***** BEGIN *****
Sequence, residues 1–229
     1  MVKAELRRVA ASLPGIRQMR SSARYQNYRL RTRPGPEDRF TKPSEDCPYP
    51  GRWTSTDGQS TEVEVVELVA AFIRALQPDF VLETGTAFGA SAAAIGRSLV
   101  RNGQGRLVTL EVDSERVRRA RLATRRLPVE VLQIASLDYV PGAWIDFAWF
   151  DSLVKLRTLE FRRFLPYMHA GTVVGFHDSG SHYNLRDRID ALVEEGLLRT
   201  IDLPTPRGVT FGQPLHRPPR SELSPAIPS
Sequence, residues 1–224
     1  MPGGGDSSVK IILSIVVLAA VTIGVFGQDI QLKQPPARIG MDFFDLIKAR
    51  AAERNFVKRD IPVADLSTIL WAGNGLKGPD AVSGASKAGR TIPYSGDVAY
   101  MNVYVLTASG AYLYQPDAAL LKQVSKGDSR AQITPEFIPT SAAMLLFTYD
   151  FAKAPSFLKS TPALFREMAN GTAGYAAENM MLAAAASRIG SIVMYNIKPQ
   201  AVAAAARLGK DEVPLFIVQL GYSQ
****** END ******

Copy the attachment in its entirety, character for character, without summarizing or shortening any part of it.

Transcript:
Sequence, residues 1–229
     1  MVKAELRRVA ASLPGIRQMR SSARYQNYRL RTRPGPEDRF TKPSEDCPYP
    51  GRWTSTDGQS TEVEVVELVA AFIRALQPDF VLETGTAFGA SAAAIGRSLV
   101  RNGQGRLVTL EVDSERVRRA RLATRRLPVE VLQIASLDYV PGAWIDFAWF
   151  DSLVKLRTLE FRRFLPYMHA GTVVGFHDSG SHYNLRDRID ALVEEGLLRT
   201  IDLPTPRGVT FGQPLHRPPR SELSPAIPS
Sequence, residues 1–224
     1  MPGGGDSSVK IILSIVVLAA VTIGVFGQDI QLKQPPARIG MDFFDLIKAR
    51  AAERNFVKRD IPVADLSTIL WAGNGLKGPD AVSGASKAGR TIPYSGDVAY
   101  MNVYVLTASG AYLYQPDAAL LKQVSKGDSR AQITPEFIPT SAAMLLFTYD
   151  FAKAPSFLKS TPALFREMAN GTAGYAAENM MLAAAASRIG SIVMYNIKPQ
   201  AVAAAARLGK DEVPLFIVQL GYSQ